Saint Stephen African Methodist Episcopal Church was organized in 1872 in the home of Sister Melinda C. Porter on Austin Avenue, near Roby Street which is now Damen Avenue. Sister Tillie Hubbard organized the first Sunday School, and was one of the charter members of the church along with Dave McGowan, Benjamin Moore, James Gord, and Anna Brown. The Sunday school was large and active and for many years sponsored every year the Sunday School in White Tea and Tom Thumb weddings.
Saint Stephen has a long list of distinguished pastors of whom Rev. A. T. Hiss was the first. He was followed by Rev. C. S. Jacobs in 1881, which during his pastorate the cornerstone was laid on Austin Avenue, near Damen and the birth of the first church building was erected. Our other pastors during the 19th century included: Rev. Ollie Knight, Rev. L.H. Reynolds, Rev. S. R. Hardison, Rev. George W. Gaines, Rev. J. R. Clemmons, and Rev. H. H. Thompson. In 1901, Rev. W. Sampson Brooks became pastor and was elected a bishop in 1920. Subsequent pastors for St. Stephen include: Rev. E. Wilson, D. D., Rev. J. C. Brewer, Rev. Bruce Taylor, Rev. Dr. Timothy Reeves, Sr., Rev. Dr. M. C. Wright, Rev. G. W. Williams, Rev. Eugene Thompson, Rev. Granville Reed, Jr., Rev. David A. Blake Sr., Rev. Wilfred Reid, and Rev. A.D. Tyson, III.
Saint Stephen has a rich heritage. Under the pastorate of Rev. L. H. Reynolds, the congregation was involved in the founding of Provident Hospital in 1893, which was the first black owned and operated hospital in America. Rev. Bruce Taylor was credited with paying off the church debt of the first church, and under the pastorate of Rev. Dr. M. C. Wright, the church building at the corner of Damen and Washington was purchased for $42,000. During the pastorate of Rev. Eugene Thompson, the church’s debts were paid and the world renowned Thompson Community Singers were organized. Under the pastorate of Rev. Albert D. Tyson, III, a parsonage was purchased and additional land for future expansion.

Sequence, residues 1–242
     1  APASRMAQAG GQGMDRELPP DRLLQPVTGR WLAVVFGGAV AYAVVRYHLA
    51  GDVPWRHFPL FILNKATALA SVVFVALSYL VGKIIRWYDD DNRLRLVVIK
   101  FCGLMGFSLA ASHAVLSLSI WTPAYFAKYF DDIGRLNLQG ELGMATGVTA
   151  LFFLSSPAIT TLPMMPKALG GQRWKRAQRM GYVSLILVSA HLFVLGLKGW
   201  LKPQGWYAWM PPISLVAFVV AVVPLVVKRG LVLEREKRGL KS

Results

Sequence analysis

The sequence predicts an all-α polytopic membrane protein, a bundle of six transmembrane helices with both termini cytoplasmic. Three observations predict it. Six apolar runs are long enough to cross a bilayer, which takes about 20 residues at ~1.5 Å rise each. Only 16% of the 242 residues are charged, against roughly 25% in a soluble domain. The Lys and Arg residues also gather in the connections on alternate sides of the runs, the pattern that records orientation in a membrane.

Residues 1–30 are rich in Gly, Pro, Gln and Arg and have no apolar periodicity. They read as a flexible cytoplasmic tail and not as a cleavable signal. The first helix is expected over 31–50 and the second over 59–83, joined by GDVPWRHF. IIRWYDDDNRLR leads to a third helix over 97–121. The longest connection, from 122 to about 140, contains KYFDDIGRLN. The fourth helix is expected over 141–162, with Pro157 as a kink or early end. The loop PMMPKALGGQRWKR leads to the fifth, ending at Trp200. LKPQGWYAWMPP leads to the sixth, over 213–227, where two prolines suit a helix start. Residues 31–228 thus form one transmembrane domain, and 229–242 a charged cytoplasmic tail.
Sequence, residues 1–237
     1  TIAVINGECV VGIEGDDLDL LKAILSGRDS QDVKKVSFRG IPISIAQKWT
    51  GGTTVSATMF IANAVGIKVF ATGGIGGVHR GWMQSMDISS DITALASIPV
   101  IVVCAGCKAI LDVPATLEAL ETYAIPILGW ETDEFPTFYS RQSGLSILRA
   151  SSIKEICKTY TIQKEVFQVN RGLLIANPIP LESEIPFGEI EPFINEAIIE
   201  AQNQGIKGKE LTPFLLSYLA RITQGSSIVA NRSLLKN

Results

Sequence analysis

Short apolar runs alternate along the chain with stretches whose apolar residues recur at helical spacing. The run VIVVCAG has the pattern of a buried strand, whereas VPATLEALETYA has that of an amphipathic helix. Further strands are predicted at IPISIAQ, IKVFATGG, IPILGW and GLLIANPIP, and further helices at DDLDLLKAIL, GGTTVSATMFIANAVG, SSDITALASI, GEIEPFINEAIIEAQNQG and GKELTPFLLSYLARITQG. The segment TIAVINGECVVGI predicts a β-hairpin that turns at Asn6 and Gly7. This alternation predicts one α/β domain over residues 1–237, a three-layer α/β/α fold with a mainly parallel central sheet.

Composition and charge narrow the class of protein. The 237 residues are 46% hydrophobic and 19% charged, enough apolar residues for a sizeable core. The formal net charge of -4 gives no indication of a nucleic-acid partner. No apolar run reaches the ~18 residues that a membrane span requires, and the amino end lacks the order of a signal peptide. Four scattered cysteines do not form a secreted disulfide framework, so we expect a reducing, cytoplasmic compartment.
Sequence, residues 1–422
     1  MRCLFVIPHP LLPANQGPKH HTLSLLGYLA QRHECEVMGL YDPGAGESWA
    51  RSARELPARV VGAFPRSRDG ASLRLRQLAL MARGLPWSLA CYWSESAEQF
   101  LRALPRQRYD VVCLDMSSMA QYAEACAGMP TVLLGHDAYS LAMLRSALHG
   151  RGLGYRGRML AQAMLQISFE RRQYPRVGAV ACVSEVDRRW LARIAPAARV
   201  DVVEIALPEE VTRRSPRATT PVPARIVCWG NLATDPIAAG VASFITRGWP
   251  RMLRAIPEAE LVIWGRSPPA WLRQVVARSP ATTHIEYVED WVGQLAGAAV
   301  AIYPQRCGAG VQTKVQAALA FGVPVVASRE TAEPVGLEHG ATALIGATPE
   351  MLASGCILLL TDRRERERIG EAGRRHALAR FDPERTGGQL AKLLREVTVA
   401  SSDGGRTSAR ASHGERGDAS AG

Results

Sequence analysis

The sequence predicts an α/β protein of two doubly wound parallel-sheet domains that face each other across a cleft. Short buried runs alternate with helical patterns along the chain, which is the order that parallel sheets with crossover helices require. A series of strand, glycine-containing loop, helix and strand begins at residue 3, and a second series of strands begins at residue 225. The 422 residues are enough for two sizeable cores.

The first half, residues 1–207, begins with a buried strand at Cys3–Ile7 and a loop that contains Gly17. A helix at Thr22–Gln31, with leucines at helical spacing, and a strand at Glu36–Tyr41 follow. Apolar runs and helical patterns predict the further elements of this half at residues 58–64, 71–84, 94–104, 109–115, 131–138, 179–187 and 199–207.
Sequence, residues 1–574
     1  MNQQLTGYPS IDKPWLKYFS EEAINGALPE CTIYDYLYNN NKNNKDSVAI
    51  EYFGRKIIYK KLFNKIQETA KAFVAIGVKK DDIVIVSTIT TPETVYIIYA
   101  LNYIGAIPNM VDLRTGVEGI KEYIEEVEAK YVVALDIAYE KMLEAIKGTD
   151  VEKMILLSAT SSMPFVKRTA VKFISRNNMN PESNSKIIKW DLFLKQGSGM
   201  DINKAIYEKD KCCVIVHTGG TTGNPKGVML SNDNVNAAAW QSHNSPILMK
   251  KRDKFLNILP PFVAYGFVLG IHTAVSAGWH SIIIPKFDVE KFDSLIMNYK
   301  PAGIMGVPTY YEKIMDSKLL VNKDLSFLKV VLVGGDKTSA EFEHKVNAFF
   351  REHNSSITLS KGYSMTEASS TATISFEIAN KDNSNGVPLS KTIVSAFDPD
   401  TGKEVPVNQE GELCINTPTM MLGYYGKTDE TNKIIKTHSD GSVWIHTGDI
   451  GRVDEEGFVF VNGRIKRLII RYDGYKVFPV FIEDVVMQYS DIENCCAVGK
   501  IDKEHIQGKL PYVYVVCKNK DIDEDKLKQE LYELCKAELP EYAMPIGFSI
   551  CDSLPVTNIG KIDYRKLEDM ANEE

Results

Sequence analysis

On November 5, 1999, the church building caught fire and what was left had to be demolished. Even though there was brick and mortar devastation, the congregation kept moving forward. Greater Union Baptist Church opened their doors to us and the pastor and members of 1st Baptist Congregational Church allowed us to worship in their smaller chapel for several Sundays. Additionally, St. Malachy Catholic Church offered us the use of their facility for church service and Sunday School classes. We started the process of possibly building a new church on the land where our old church had burned including having plans drawn, however God had other plans, and our current building was secured. It needed a lot of work but the church stayed together and did what was necessary to make it our new home. In June 2008, St. Stephen’s congregation, still strong in number, heads held high, humbled, and in a state of worship walked into our new building at 3042 W. Washington Blvd.
On Nov. 3, 2011, the Rev. James C. Bailey was appointed the new pastor of St. Stephen African Methodist Church. Rev. Bailey, currently in his fourth term as our pastor, came in energetic and ready to take us to the next level. We are a church that loves people and are committed to winning souls for Christ. Our ministries outside the wall include Evangelism, Prison Outreach, Vacation Bible School, a Soup Kitchen, Annual Christmas Toy Giveaway, and Angel Tree to name a few. Saint Stephen is a loving, giving, spirit filled serving church. As Rev. Bailey says, "we come to serve, not to be served."
Almost 150 years is a very long time for a congregation to stay together but we have a purpose. We are to witness of the goodness of Jesus and to bring souls to Christ, glorify God in all we do, get involved and help meet the needs of the community and our members, to be a shining light everywhere we go.
We are serving an excellent God in an excellent way.